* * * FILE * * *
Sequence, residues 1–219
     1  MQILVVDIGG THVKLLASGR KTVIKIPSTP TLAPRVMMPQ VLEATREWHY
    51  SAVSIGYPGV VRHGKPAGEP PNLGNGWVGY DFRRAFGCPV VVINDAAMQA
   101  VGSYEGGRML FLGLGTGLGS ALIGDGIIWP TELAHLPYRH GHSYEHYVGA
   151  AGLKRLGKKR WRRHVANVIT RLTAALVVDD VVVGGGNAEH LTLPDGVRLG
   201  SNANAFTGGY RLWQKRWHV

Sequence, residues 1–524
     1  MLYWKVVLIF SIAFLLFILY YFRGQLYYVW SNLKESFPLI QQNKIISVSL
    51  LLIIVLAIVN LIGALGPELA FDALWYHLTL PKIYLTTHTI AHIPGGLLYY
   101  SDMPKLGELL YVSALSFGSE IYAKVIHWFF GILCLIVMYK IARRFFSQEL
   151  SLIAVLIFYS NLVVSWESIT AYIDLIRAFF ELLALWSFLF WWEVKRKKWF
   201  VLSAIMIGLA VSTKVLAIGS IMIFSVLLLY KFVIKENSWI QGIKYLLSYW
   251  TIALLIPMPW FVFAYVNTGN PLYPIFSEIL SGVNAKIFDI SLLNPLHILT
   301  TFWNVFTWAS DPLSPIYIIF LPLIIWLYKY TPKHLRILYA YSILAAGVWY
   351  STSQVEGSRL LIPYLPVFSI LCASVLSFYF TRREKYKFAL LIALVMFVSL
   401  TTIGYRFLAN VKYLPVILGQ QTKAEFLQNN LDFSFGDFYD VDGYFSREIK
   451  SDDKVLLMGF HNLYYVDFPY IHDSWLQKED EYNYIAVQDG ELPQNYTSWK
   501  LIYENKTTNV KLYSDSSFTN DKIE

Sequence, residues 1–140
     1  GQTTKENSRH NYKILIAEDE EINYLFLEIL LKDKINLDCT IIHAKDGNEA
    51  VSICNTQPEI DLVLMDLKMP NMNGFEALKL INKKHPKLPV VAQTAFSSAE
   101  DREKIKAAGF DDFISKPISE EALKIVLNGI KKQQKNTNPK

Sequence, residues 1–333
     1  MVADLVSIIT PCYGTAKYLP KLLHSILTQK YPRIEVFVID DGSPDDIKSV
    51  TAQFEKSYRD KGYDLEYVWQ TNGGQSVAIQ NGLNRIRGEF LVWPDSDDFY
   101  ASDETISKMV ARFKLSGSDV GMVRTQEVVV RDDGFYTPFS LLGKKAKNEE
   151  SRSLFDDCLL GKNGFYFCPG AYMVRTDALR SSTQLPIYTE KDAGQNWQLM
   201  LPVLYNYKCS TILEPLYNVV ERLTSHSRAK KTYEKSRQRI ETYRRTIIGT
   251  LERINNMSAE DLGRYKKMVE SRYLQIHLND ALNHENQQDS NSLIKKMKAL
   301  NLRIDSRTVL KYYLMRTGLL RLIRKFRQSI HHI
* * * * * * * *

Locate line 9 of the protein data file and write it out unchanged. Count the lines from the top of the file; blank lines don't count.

    51  LLIIVLAIVN LIGALGPELA FDALWYHLTL PKIYLTTHTI AHIPGGLLYY